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To think that DH should go along with what I want?

(21 Posts)
BrightestAndBest Mon 22-Dec-14 21:52:05

Mostly we do Christmas like DH had it as a child (no church, stockings downstairs, presents in a single block before lunch, etc). The only thing that comes from my childhood is that Santa delivers the presents (they are labelled according to who sent them, not as being from Santa).

Yet again I have had to remind DH of this (he's been putting the presents straight under the tree as he wraps them). He has to be reminded every year. AIBU to be really pissed off with him?

Gabriola Mon 22-Dec-14 21:56:48

Maybe you should wrap the presents.

NoArmaniNoPunani Mon 22-Dec-14 21:58:55

YABU. Chill out and crack open the Christmas booze

BrightestAndBest Mon 22-Dec-14 21:59:08

I have been wrapping this evening. DH is already on holiday, so he's been wrapping while I've been at work. I'd happily wrap the lot - I love wrapping.

BrightestAndBest Mon 22-Dec-14 22:00:23

Can't have wine - I have to work tomorrow.

Goldmandra Mon 22-Dec-14 22:02:29

He clearly isn't forgetting. Why doesn't he want your DCs to have their gifts from Father Christmas?

Hatespiders Mon 22-Dec-14 22:03:59

Well he surely can't stop you from going to church. I'm going to Communion at 9-15am Christmas morning. Dh will stay in bed on pain of death if he opens any presents before I get back!

BrightestAndBest Mon 22-Dec-14 22:09:04

He thinks his (privileged, wealthy) childhood was some how better than mine. His mum is from a very different culture, and doesn't do Christmas.

BrightestAndBest Mon 22-Dec-14 22:10:10

I take the DC to church on Christmas Eve, but I do miss going on Christmas Day.

Goldmandra Mon 22-Dec-14 22:12:19

Buy him a dictionary for christmas and highlight the definition of compromise angry

PenguinsandtheTantrumofDoom Mon 22-Dec-14 22:14:09

He obviously doesn't value your tradition, so he isn't thinking about it and doing it on autopilot. It's one of those traditions I'd find odd myself, so I understand how you'd forget unless you recognised it was important to your partner and made an effort to remember. YANBU to be pissed off.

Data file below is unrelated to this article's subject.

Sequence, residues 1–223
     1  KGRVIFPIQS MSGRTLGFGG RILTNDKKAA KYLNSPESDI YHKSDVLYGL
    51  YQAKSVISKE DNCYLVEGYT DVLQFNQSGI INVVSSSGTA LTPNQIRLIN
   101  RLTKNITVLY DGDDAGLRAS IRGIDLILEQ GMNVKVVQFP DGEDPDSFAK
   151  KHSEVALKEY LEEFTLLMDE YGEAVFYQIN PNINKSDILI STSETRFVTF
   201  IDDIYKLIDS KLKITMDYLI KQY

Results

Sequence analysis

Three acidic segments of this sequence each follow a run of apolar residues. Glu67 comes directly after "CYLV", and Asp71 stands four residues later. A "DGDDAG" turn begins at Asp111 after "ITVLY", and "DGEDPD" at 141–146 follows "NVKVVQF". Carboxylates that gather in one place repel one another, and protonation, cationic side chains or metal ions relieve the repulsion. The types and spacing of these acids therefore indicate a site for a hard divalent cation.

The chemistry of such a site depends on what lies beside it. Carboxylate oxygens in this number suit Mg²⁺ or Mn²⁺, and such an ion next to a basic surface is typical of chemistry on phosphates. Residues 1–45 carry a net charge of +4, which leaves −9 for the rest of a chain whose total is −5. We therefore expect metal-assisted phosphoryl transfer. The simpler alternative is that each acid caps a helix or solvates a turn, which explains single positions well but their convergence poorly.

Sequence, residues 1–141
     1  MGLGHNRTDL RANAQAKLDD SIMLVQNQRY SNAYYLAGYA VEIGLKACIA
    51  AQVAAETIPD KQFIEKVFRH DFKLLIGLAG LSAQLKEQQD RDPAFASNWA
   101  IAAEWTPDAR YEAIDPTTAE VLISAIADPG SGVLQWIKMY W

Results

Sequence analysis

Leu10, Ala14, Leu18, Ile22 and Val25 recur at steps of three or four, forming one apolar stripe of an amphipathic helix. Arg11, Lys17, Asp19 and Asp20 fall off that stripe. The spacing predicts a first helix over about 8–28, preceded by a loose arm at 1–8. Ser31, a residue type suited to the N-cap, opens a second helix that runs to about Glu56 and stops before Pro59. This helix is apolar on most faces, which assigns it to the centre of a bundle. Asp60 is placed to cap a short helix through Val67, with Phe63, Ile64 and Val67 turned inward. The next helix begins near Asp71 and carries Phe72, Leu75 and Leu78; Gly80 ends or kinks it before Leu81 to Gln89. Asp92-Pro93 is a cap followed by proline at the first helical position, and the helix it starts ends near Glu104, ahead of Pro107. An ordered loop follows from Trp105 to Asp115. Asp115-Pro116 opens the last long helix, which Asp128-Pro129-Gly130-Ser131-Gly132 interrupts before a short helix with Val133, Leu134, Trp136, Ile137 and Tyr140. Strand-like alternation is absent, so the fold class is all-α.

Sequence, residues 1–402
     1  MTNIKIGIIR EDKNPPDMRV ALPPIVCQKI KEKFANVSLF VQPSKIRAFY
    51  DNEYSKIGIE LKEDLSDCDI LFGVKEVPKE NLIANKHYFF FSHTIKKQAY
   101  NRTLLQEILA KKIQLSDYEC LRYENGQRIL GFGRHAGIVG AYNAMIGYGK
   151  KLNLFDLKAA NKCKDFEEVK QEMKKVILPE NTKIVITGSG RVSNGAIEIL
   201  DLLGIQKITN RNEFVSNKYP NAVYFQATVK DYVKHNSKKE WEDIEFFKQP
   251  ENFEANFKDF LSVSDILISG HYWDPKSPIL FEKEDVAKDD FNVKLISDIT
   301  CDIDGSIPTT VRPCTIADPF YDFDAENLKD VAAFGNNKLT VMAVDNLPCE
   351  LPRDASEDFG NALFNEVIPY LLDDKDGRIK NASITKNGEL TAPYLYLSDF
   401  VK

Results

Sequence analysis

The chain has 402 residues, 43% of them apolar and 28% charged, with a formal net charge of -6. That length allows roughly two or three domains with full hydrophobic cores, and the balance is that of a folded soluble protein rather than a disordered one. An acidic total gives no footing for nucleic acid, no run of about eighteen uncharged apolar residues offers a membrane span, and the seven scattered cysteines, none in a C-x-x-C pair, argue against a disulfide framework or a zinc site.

Is there a reason that so little comes from your family?

PenguinsandtheTantrumofDoom Mon 22-Dec-14 22:15:16

His traditions aren't better. In fact, the 'posh' thing to do is definitely church.

Fairenuff Mon 22-Dec-14 22:15:34

Do you mean that Santa brings them but they are labelled from Mum and Dad? confused

TheHappinessTrap Mon 22-Dec-14 22:15:37

Yes, compromise. Whose Christmas is it? Can everyone enjoy it or does one person's enjoyment mean no one else really enjoys themselves? What's that saying, "compromise means no one gets what they want"? If this is the case then it's not going so well. A good compromise should leave everyone feeling sated.

TreadSoftlyOnMyDreams Mon 22-Dec-14 22:17:07

You are not his mum and you as a family have chosen to 'do' Christmas. Take your kids to church when you want to. I love midnight services though !

YANBU, tbh. Compromise means accepting each others' traditions and incorporating them together, not over-riding one partner's completely.

Perhaps you should change EVERYTHING over to your way one year and see how he feels about that...

Starlightbright1 Mon 22-Dec-14 22:21:20